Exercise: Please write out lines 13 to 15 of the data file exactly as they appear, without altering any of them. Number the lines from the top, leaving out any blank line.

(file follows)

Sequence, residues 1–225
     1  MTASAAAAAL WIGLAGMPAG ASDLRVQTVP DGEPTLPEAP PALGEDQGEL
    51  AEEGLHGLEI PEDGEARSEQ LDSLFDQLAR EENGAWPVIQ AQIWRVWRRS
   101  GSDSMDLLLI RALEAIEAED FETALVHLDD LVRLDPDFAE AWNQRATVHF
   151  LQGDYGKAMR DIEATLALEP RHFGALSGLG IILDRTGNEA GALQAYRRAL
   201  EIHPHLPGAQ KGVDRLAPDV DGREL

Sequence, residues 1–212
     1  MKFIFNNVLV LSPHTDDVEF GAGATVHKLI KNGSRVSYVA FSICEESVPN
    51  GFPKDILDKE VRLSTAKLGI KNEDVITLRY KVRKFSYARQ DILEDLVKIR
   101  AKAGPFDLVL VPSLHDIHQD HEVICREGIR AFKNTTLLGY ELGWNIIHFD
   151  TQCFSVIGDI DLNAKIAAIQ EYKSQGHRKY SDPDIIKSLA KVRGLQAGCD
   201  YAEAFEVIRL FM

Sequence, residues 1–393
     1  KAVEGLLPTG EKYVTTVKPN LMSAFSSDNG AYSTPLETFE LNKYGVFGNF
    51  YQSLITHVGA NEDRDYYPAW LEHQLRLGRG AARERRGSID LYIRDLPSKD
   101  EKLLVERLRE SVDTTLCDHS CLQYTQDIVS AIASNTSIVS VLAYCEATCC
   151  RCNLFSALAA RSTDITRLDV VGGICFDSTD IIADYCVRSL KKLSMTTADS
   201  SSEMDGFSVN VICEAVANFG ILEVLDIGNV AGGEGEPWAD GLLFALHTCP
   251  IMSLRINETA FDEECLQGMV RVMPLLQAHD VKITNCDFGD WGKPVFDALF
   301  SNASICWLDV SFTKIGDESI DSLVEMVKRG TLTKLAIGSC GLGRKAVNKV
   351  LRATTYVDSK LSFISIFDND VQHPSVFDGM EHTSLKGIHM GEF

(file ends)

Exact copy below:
Sequence, residues 1–393
     1  KAVEGLLPTG EKYVTTVKPN LMSAFSSDNG AYSTPLETFE LNKYGVFGNF
    51  YQSLITHVGA NEDRDYYPAW LEHQLRLGRG AARERRGSID LYIRDLPSKD